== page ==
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Kenyan top officers trained on crime data by their Sweden counterparts

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A police officer dusts a glass of water for fingerprints, standing on his right is Kikuyu OCS Joshua Arende. The two-day forensic training is in partnership with Sweden in making sure the first police officer at the crime scene knows how best to collect evidence. The training included interviewing skills, collecting blood stains or fingerprints and how to secure a crime scene

Senior police officers from Sweden are in Kenya to train their counterparts on how to collect forensic evidence.

During the four-day-session, 32 local officers will also be taught how to interview witnesses and collect blood or fingerprints at a crime scene to make their evidence watertight.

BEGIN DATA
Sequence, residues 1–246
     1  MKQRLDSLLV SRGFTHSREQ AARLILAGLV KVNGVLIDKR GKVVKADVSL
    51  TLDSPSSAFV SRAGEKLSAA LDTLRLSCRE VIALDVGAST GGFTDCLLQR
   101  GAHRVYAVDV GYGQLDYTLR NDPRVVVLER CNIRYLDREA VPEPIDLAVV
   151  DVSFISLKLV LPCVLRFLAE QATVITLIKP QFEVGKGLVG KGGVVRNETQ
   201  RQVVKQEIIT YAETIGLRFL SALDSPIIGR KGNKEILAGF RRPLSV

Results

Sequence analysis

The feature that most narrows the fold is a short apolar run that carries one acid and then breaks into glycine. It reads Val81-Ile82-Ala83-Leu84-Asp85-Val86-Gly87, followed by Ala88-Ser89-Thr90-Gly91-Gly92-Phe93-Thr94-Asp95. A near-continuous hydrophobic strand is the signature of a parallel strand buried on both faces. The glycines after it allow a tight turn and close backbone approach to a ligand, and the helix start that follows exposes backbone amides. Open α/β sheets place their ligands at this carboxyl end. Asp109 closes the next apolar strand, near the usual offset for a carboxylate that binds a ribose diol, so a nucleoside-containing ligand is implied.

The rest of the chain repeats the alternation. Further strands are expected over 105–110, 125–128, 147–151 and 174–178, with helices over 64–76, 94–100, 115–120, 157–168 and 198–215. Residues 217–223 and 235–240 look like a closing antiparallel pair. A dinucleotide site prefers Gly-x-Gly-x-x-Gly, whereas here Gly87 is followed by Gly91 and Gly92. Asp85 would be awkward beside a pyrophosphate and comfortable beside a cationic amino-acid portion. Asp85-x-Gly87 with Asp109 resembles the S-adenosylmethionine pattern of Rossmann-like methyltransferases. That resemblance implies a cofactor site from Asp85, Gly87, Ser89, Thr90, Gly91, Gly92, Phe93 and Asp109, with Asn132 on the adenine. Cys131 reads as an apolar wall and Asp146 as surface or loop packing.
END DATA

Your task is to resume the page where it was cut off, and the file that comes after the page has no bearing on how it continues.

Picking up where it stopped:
The training is being conducted at the Wida Highway Motel in Kikuyu District.

According to Mr Nils Nilsson, a detective from Sweden, the initial investigations are important as they guide officers on who to arrest and the evidence to be tabled. “Investigations determine the direction of the case. If you start with failure, you will end with failure,” said Mr Nilsson.

‘Third eye’

He asked police officers to be keen while collecting evidence. “A police officer must have a third eye or ear to thoroughly pick out evidence,” said Mr Nilsson.-Nation

Kikuyu police boss Joshua Arende said most police officers lacked the basic skills of handling a crime scene, compromising the evidence collected.

Mr Arende said the training would be rolled out to other parts of the country depending on donor support from Sweden.

Police officers complained that the public tampered with vital evidence by visiting the scenes of crime.

“Always surround the crime scene with tape to keep off citizens,” advised Mr Charles Omoga, a detective from police headquarters in Nairobi.

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